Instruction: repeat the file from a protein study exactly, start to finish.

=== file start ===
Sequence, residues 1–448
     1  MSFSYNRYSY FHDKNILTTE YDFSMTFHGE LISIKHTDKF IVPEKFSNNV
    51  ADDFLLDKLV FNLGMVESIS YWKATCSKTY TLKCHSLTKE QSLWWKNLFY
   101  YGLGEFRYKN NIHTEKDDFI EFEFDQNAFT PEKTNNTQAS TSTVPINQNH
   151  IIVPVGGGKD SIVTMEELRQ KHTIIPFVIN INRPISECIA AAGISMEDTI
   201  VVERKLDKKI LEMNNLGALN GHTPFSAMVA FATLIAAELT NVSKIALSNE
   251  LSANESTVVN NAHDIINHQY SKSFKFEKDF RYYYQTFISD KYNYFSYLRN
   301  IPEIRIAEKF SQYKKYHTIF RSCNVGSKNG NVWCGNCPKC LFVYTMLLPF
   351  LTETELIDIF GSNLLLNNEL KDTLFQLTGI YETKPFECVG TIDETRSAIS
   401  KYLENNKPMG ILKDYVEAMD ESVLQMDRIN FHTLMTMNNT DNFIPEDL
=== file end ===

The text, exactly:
Sequence, residues 1–448
     1  MSFSYNRYSY FHDKNILTTE YDFSMTFHGE LISIKHTDKF IVPEKFSNNV
    51  ADDFLLDKLV FNLGMVESIS YWKATCSKTY TLKCHSLTKE QSLWWKNLFY
   101  YGLGEFRYKN NIHTEKDDFI EFEFDQNAFT PEKTNNTQAS TSTVPINQNH
   151  IIVPVGGGKD SIVTMEELRQ KHTIIPFVIN INRPISECIA AAGISMEDTI
   201  VVERKLDKKI LEMNNLGALN GHTPFSAMVA FATLIAAELT NVSKIALSNE
   251  LSANESTVVN NAHDIINHQY SKSFKFEKDF RYYYQTFISD KYNYFSYLRN
   301  IPEIRIAEKF SQYKKYHTIF RSCNVGSKNG NVWCGNCPKC LFVYTMLLPF
   351  LTETELIDIF GSNLLLNNEL KDTLFQLTGI YETKPFECVG TIDETRSAIS
   401  KYLENNKPMG ILKDYVEAMD ESVLQMDRIN FHTLMTMNNT DNFIPEDL